|Date(s):||September 1966 to 1966|
|Location(s):||Bronx, New York|
|Course:||“US Since 1945,” Juniata College|
|Rating:||4.75 (4 votes)|
Many African-Americans had become frustrated with the slow rate of racial progress in the 1960s. While Martin Luther King Jr. and others protested racial injustices in a nonviolent way, other African-American lost patience with the attitude of whites towards these movements. Stokely Carmichael, a one-time non-violence believer, became an advocate and leader of the “Black Power” movement. This movement called for a more violent and direct way of protesting against the inequality between whites and blacks. “For too many years, black Americans marched and had their heads broken in and got shot,” Carmichael stated in the New York Review of Books. Indeed, much of the peaceful resistance put up by King and other Civil Rights leaders served only to frustrate the white population rather than make them change. While the south was full of passive protests, Northerners like Carmichael felt a growing anger inside with the way racial progress was going.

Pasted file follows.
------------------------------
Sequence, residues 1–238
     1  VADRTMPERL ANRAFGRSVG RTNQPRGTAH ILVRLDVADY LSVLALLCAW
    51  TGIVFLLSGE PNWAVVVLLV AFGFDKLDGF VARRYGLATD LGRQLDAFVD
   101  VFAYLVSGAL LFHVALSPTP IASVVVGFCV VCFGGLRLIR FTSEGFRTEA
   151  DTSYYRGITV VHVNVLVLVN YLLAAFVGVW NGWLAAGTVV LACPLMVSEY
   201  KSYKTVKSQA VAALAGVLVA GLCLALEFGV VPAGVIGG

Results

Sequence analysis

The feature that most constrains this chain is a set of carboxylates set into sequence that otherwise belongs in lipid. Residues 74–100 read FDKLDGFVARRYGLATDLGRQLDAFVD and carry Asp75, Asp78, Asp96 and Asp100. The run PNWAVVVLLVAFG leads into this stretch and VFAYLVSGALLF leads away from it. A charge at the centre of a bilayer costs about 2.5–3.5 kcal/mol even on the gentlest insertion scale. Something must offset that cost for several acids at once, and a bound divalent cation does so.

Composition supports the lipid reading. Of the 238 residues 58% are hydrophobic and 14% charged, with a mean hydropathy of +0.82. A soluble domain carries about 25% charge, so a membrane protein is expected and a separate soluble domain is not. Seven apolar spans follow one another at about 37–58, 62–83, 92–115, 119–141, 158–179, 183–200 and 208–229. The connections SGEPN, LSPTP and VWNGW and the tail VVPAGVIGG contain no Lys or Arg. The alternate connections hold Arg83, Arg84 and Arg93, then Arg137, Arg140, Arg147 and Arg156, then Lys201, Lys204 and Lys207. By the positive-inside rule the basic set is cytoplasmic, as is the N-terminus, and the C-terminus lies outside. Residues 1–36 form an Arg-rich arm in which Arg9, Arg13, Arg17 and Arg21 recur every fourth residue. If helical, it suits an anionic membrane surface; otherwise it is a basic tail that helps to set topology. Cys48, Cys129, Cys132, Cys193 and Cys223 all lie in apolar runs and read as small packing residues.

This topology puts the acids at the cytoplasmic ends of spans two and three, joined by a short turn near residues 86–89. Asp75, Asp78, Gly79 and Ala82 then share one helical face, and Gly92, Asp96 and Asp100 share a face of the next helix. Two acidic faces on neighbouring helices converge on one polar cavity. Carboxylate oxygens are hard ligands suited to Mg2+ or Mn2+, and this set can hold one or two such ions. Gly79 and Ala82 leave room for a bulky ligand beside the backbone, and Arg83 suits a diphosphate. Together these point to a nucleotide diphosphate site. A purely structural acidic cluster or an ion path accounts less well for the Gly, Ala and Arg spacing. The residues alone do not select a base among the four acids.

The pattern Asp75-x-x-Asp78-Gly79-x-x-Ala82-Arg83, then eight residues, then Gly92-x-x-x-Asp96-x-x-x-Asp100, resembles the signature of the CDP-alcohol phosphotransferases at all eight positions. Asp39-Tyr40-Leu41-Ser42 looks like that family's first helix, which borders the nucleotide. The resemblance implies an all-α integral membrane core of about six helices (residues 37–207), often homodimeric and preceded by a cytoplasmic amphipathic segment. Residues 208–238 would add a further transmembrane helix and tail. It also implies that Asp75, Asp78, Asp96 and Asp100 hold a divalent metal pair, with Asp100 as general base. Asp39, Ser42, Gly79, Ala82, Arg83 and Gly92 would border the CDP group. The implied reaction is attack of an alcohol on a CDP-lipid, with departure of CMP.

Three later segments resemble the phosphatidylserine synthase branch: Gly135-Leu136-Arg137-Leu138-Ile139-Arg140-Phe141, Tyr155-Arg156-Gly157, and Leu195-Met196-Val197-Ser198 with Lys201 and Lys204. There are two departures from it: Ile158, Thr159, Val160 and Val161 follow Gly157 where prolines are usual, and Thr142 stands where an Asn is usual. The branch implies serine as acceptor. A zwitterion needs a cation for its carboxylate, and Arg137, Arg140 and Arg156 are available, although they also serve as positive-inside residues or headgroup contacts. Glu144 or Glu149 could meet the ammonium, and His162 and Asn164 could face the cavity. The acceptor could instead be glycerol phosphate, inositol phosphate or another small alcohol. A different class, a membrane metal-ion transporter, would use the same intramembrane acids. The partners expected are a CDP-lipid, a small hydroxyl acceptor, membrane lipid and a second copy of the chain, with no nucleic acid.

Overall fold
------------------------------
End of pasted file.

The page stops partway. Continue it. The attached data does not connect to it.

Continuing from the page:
Carmichael called for young black people to join his Black Power Movement, which was more aggressive in both speech and actions. Carmichael denounced the concept of integration, saying that “. . . in order to have a decent house or education, blacks must move into a white neighborhood or send their children to a white school.” Instead, he argued that blacks should have better facilities in the first place so they can be in a less hostile environment (presuming the hostility of schools consisting mainly of whites).
This type of attitude appealed to many younger African-Americans who saw their parents and leaders of the Civil Rights Movement beaten down without any repercussions or retaliation. The youth saw no progress being made and thought that a resistance that was not as passive may be the only way to get justice. Carmichael says in the New York Review of Books “One of the tragedies of the struggle against racism is that up to now there has been no national organization which could speak to the growing militancy of young black people in the urban ghetto.” This type of movement was popular, but also drew the wrath of white law enforcement and the government, who were less likely to accept this method of resistance than the nonviolent variation adapted by the southern Civil Rights activists.